A flight of stairs led us down into a candlelit underground space, where attendants stood at the ready in black uniforms. A young woman with a sleek brown ponytail led us on a brief tour. Our guide gave us an overview of the space: Tepidarium, Frigidarium, Caldarium, salt bath, jet pool, steam room, and showers. Central to the Hammam were heated marble benches where guests could rest between treatments or immersions and drink Moroccan mint tea or grapefruit infused water, softly illuminated with light filtered through Arabic screens and flickering candles.
After our tour, we were led to a series of heated marble beds. Another young woman explained the Al-Andalus ritual, which consisted of an exfoliation treatment, followed by a hydrating full body massage with aromatic oils.
The hot stone surface, covered by a gauzy paper, melted my weariness away and started to relax all the tight muscles I’d acquired travelling with two heavy carry-ons. Warm oil, lightly scented with essential oils, was massaged over my skin in combination with exfoliating granules. I literally shed my old skin, exposing the new.
Already loosened up by the exfoliation, we were next treated to 45-minute full-body massages. My massage was calming and thorough. The experienced masseuse got into the knots and helped unwind all the tension I normally carry in my shoulders that had been worsened by overseas travel. Christy and I were under the same translucent pagoda for our massages, listening to the water and sounds of the bathers. After the massage, the concierge brought a flute of cava (Catalonian sparkling wine) for Christy and a glass of fresh pear and apple juice for me as well as kebabs of fruit for both of us.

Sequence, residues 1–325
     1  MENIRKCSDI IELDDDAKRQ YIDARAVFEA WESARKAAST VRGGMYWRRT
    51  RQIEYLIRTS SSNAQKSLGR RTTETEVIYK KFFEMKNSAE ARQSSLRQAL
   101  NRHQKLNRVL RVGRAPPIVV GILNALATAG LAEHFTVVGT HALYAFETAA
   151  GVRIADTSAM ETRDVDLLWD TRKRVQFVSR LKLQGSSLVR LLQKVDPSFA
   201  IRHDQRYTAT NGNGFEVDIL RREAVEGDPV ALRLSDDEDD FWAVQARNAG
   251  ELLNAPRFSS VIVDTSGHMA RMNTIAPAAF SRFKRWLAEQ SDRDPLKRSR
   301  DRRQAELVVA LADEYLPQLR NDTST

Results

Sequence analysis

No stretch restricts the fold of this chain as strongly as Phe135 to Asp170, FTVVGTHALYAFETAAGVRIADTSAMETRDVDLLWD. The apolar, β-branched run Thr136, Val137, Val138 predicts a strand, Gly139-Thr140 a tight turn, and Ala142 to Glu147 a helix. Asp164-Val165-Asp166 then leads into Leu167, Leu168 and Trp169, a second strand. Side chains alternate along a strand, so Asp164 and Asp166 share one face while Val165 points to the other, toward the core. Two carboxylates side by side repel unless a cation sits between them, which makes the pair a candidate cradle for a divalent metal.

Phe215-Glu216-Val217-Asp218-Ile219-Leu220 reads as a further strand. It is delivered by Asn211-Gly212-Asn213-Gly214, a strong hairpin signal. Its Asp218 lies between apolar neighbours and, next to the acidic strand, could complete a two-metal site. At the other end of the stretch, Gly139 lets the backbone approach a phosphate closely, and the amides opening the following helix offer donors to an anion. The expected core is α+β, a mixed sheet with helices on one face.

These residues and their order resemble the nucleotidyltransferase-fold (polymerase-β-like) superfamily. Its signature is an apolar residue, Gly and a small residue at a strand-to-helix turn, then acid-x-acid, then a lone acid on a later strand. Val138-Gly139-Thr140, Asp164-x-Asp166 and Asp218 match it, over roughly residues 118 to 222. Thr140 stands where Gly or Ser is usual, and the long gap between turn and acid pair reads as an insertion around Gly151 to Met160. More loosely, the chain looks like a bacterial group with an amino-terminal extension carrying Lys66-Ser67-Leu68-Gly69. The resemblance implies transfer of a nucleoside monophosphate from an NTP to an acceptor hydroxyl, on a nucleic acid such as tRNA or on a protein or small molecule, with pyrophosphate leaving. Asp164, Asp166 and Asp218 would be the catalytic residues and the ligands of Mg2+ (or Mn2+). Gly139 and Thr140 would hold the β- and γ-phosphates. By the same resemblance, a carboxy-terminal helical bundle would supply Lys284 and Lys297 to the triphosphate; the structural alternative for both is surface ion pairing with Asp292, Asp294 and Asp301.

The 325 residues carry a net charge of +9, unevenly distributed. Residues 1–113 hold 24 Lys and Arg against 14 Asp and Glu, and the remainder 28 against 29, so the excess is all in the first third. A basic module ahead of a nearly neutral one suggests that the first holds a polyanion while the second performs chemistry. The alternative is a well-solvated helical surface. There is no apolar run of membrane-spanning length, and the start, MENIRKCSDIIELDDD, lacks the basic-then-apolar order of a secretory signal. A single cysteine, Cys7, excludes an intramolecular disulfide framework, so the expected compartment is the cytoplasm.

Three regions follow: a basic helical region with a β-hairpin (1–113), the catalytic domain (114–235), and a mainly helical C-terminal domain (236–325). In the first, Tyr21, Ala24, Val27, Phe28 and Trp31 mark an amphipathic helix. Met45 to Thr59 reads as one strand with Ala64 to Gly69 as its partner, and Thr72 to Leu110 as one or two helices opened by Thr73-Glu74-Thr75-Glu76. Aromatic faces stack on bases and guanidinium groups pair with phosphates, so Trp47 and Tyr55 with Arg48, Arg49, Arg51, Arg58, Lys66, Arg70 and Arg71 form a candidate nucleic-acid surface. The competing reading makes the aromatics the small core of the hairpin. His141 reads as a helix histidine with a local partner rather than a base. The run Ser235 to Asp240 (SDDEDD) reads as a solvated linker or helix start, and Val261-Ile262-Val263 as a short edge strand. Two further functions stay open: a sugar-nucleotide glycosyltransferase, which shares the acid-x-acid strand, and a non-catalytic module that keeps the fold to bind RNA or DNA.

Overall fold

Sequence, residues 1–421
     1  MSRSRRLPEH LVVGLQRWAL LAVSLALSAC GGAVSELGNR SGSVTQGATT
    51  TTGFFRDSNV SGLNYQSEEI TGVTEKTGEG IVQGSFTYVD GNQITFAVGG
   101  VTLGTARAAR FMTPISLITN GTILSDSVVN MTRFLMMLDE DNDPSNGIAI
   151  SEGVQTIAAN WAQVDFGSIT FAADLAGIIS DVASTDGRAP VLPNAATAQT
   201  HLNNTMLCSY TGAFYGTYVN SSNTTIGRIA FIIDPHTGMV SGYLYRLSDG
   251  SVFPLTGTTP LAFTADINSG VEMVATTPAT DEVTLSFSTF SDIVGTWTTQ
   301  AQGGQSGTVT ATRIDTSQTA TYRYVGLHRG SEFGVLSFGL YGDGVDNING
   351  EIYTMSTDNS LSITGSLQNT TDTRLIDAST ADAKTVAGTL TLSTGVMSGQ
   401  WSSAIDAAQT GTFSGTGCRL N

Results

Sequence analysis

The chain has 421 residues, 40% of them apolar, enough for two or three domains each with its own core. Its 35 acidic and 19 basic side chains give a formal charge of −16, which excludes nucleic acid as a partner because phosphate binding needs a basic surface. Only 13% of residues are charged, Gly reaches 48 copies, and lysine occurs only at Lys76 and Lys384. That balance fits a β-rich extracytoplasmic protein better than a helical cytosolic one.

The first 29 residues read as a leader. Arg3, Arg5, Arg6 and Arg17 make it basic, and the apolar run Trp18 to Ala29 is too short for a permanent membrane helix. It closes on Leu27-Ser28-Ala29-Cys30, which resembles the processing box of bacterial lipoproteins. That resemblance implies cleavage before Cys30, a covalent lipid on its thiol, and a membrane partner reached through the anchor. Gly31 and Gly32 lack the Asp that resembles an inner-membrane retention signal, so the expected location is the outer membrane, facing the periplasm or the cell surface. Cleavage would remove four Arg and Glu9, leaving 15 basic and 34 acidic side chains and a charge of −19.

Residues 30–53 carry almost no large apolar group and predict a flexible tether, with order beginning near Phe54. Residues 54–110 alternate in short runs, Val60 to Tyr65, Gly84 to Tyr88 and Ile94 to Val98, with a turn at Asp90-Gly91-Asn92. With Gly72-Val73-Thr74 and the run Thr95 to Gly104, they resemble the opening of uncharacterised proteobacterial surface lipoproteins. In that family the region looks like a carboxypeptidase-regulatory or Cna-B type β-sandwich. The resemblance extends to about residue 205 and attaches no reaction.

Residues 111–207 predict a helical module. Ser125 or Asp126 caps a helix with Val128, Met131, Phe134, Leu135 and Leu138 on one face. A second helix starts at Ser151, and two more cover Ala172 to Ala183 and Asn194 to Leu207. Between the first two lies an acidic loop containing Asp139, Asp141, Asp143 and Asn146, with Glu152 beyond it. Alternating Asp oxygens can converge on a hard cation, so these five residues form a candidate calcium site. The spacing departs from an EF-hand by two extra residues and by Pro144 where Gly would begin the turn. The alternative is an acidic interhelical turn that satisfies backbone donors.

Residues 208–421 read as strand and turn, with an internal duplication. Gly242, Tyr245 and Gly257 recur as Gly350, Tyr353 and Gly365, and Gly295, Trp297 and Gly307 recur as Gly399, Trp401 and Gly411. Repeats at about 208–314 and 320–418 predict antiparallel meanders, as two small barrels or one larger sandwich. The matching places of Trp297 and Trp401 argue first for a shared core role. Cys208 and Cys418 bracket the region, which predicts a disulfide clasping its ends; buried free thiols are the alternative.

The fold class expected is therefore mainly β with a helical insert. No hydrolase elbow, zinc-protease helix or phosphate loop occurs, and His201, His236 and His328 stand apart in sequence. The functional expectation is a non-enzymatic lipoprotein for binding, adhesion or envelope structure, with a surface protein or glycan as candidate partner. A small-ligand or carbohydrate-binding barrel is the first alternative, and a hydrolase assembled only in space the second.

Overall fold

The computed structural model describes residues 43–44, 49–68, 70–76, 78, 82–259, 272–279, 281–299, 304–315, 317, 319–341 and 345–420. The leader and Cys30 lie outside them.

The Spa Circuit
For the next hour and a half, we did the circuit of pools and steam room. My favorite station, the steam room, was made better by aromatherapeutic sweet mint. At the end of our visit, we left with luminous skin, and relaxed muscles, warmed to the core.
A visit to this spa is something I would consider as an occasional treat. In my opinion, it is a great option for a romantic outing, an afternoon with a best friend, or a relaxing break before a big event. The public using the baths ranged from families (with children over age 16) to libidinous couples in teeny bathing suits.
Silence is encouraged, but the water, background music, and the low lighting seemed to have the opposite effect on us as well as the other visitors. The “ritual” treatments are divine, though Americans should take note that we were in a public, co-ed space while we were in states of undress for the duration of our massages and exfoliations.
The dressing rooms are sleek and spotless—the lighting is warm, flattering, and the space is well equipped with hair dryers and everything you need to look your best. Overall, we departed from Aire de Barcelona Spa feeling warm, happy, relaxed and radiant.
My rating: 4/5
Recommended For: Couples, Friends in groups of 2-3
How to get there: 22 Passeig Picasso, across from Parc Ciutadella is in Born, an area that is lovely to walk through, and is also close to metro stops Urquinaona, Jaume 1, and Ciutadella.
Cost Range: A bit pricey, but worth it. $$